Omicron may be less dangerous on an individual level, but hospitals are still overwhelmed, with dire ripple effects.
As unvaccinated patients overwhelm hospitals, health-care workers are being pushed to the edge.
Many vaccine-hesitant people worry about adverse health effects. They shouldn’t.
Clayton Dalton on being a physician and writer.
Mindfulness helped this ER doctor through a dark time. It can help us through these times.
Celebrating healthcare workers as ‘heroes’ obscures the systemic failures that forced us to fill the gap.
We want coronavirus tests to give us the all-clear. But, in medicine, test results are clues, not answers—and no test is perfect.
We still don’t know, and it doesn’t really matter right now; it’s plenty deadly.
To cope with the unimaginable, doctors are becoming numbingly familiar with mass death.
What The Pandemic Can Teach Us All About Intimacy
The system is coping, but the intensity of COVID-19 has surprised even experienced doctors.
Hospitals in the city are eerily quiet—emptied out in preparation for the surge in COVID-19 cases to come.
Most people don’t understand exponential growth. If they did, they’d be far more frightened.
The U.S. has been slow to roll out testing, leaving communities in the dark about the spread of the virus. It was a lost opportunity to stop the virus in its tracks.
Patients in hospital ERs can wait hours for inpatient beds to open up. The delays can be maddening. A solution for this long-standing problem has been elusive in the U.S., despite progress elsewhere.
The heavy hallucinogen ibogaine is illegal in the US, but some addicts are flocking to Mexican clinics for it, hoping to be cured. A physician investigates.
Heatstroke tends to get the most attention during extreme heat waves. But other diseases are affected by high temperatures as well.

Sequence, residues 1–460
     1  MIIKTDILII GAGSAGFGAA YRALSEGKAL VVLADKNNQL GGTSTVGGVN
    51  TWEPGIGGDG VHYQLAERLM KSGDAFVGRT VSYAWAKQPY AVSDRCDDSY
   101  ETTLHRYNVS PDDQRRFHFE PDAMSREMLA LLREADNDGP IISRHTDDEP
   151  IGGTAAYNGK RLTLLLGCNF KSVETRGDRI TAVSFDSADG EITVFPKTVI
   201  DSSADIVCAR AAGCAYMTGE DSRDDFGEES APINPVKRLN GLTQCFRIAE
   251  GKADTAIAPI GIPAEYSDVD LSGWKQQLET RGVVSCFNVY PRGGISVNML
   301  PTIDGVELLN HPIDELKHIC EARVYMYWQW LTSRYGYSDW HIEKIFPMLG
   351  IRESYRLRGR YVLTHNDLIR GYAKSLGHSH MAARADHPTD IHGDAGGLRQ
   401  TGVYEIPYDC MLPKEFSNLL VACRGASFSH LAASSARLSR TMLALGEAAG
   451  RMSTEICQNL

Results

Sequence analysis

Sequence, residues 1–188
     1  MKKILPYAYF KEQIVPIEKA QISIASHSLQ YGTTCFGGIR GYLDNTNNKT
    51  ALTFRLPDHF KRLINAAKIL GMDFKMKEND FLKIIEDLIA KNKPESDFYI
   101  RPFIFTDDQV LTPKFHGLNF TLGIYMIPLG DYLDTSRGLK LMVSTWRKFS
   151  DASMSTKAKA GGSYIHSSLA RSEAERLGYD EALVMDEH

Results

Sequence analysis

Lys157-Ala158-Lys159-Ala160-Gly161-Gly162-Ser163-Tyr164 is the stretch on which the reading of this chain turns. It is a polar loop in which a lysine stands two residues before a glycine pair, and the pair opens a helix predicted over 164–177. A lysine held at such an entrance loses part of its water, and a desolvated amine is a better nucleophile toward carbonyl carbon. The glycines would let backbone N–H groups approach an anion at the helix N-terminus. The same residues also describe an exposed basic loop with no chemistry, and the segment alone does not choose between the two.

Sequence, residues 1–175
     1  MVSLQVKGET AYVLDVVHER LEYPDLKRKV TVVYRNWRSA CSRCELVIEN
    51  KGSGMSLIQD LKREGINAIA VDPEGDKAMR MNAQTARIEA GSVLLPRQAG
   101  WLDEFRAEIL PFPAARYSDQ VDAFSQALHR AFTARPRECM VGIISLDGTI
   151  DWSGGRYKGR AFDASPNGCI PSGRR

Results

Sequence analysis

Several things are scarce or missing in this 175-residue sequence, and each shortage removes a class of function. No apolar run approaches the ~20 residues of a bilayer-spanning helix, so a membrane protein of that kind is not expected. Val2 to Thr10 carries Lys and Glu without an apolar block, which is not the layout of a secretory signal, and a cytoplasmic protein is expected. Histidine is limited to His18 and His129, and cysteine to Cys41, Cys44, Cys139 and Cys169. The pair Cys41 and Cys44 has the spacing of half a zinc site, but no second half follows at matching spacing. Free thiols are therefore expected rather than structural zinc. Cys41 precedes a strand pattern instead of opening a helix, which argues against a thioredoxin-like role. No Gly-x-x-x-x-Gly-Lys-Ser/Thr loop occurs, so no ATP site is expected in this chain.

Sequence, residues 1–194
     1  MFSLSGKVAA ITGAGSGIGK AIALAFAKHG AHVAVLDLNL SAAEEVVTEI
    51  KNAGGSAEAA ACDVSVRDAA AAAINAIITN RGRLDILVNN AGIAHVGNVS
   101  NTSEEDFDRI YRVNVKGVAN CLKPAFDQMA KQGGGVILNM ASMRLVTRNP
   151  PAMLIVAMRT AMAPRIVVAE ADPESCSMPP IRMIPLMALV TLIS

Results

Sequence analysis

An operations management specialist is applying lessons from statistics to help free up hospital beds. It’s working.
While misinformation can sway elections and threaten public institutions, medical falsehoods can threaten people’s health, or even their lives.
Caps on shift lengths for medical residents were implemented to improve patient safety. Given the effects of sleep deprivation on emotional capacity and residents' well-being, why risk longer hours?
A contrast agent doesn't make you feel better or treat what's ailing you. But by making CT scans clearer, contrast might be crucial in helping your doctor make the right diagnosis.
Elevated iron is at the center of a web of disease stretching from cancer to diabetes.
Infections with Clostridium difficile can be difficult to treat and life-threatening. Once a problem seen mainly in health care facilities, the infections are now occurring often in the community.
A new psychology of control. Every physician remembers their first bad case. Mine went like this.
For big pharma, the perfect patient is wealthy, permanently ill and a daily pill-popper. Will medicine ever recover?
IV bags filled with what's called normal saline are used to treat problems ranging from vomiting to lightheadedness. But evidence for the use of saline over other intravenous options is scant.
For some people, something as simple as having an IV line inserted can be excruciating. An emergency room doctor noticed a strange pattern. Many of these sensitive patients were regular opioid users.
Comprehensive lifestyle changes can reverse Alzheimer’s. What does this mean for the treatment of other chronic diseases?
There is nothing inevitable or even natural about the tide of chronic disease which threatens to overwhelm modern medicine